Celtics trade No. 25 pick, get Purdue's Johnson

191544.jpg

Celtics trade No. 25 pick, get Purdue's Johnson

By A. Sherrod Blakely
CSNNE.com Celtics Insider
Follow @sherrodbcsn BOSTON The Boston Celtics got more than just a solid player with the No. 25 pick.

They turned the pick, used to select Providence's high-scoring guard Marshon Brooks, into Purdue's JaJuan Johnson, who was selected by New Jersey - for the Celtics - with the No. 27 pick. Boston will also receive the Nets' 2014 second-round pick.

"We like it a lot," said Celtics coach Doc Rivers. "We didn't think he'd be there, and he was."

In addition to Johnson, the Celtics were also considering Boston College's Reggie Jackson and Marquette's Jimmy Butler, who were drafted No. 24 and No. 30, respectively.

"He's a terrific shooter for his size and extremely athletic," Rivers said of Johnson. "He rebounded well in college, which you hope translates over to the pros."

Johnson, a 6-foot-10 forward, provides help for the Celtics on multiple levels.

While playing for the Boilermakers, Johnson distinguished himself as one of the more complete players in the conference. He was named the Big Ten player of the Year and the league's Defensive Player of the Year last season -- something that only two other players in conference history can lay claim to achieving.

He averaged 20.5 points, 8.6 rebounds and 2.3 blocks per game for the Boilermakers last season, and was a First Team All-American.

Johnson's strong senior season was not a surprise when you consider his play improved steadily throughout his four year career.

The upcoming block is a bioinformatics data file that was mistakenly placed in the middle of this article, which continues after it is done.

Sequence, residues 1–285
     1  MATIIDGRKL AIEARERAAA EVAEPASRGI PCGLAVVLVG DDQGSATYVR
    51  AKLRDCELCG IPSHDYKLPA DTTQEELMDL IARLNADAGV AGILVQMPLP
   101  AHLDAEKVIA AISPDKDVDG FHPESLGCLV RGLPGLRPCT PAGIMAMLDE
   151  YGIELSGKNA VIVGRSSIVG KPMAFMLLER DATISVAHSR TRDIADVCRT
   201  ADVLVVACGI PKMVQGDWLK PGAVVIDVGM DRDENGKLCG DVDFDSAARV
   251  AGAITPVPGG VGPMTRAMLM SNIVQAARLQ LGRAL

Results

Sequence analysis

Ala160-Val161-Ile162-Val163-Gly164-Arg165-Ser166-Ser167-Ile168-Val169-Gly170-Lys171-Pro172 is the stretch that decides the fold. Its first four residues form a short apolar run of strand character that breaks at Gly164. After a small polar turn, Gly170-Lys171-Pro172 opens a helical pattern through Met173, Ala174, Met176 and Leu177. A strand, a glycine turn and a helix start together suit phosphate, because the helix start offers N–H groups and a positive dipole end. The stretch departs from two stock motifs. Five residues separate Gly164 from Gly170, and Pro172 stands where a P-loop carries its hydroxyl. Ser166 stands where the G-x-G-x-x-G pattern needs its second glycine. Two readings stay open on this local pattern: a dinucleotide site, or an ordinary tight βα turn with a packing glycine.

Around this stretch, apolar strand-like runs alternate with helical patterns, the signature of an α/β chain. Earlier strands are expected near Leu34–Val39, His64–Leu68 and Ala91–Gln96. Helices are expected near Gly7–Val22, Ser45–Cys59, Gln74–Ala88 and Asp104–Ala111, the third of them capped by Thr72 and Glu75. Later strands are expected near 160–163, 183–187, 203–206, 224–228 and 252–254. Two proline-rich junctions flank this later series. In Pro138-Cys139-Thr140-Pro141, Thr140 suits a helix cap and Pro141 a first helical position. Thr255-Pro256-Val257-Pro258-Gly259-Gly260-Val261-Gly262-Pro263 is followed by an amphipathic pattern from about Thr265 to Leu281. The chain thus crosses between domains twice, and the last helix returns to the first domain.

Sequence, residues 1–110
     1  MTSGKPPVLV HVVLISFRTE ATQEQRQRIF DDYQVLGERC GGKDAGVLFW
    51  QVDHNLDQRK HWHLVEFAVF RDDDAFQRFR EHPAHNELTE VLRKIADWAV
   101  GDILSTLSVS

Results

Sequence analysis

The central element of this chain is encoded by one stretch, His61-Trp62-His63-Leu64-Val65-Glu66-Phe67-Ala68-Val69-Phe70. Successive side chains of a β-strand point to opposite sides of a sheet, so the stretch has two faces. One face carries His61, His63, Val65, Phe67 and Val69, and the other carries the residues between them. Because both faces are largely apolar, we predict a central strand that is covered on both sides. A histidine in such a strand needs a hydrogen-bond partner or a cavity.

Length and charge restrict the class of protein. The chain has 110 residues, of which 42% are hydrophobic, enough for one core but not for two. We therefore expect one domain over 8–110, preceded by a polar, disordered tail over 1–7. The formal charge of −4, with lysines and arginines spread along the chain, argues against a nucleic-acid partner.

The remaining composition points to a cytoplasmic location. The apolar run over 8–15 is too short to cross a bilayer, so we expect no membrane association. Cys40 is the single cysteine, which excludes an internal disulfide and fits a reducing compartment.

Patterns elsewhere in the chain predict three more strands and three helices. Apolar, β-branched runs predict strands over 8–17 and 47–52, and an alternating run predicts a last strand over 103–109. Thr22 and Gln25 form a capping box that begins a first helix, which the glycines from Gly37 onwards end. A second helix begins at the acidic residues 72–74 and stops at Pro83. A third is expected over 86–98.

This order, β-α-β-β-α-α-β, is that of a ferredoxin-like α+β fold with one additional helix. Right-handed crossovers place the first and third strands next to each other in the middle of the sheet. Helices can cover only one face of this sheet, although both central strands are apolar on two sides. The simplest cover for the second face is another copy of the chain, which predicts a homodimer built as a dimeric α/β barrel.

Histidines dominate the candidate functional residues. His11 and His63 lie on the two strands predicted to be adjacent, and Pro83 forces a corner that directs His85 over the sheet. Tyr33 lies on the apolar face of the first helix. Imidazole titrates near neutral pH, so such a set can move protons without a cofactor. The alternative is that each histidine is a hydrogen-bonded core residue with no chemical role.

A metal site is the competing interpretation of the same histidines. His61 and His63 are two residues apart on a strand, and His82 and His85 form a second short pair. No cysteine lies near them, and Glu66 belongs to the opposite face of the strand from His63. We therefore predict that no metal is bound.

"He's athletic and a rangy, face-up big man," said ESPN analyst Jay Bilas.

And for the C's, he provides some much-needed size in the post as well as a player who has shooting range, which allows him to help the C's in the pick-and-roll and pick-and-pop game.

"He doesn't shoot a great percentage from 3, but he can stretch you," Bilas said. "I do like his ability to defend and run."

But what might have eventually won the Celtics over was the one thing Johnson did often at Purdue -- win.

He was part of 107 wins, a school record he shared with teammate E'Twaun Moore who was drafted by the Celtics with the No. 55 pick.

"It helps," Rivers said. "It tells you that Johnson can play with a team and fit in, and be a winner on that team and still play well. That's always important."

Moore, a 6-4 combo guard, was an honorable mention All-American as a junior and senior. He became just the third player in school history to amass 2,000 points, 500 rebounds and 400 assists and became the second player in school history to earn all-Big Ten honors in each of his four seasons with the Boilermakers.

It's too soon to tell what their roles will be with the Celtics next season.

However, Danny Ainge believes both players can contend for a rotation spot.

"E'Twaun is a good shooter, good all-around player, tough kid, good experience," said Boston's president of basketball operations. "Terrific talent, and JaJuan has good length . . . just a good all-around player. he's light in the hips, but he's long, athletic and he can score. I think both of those guys can find a fit on our team."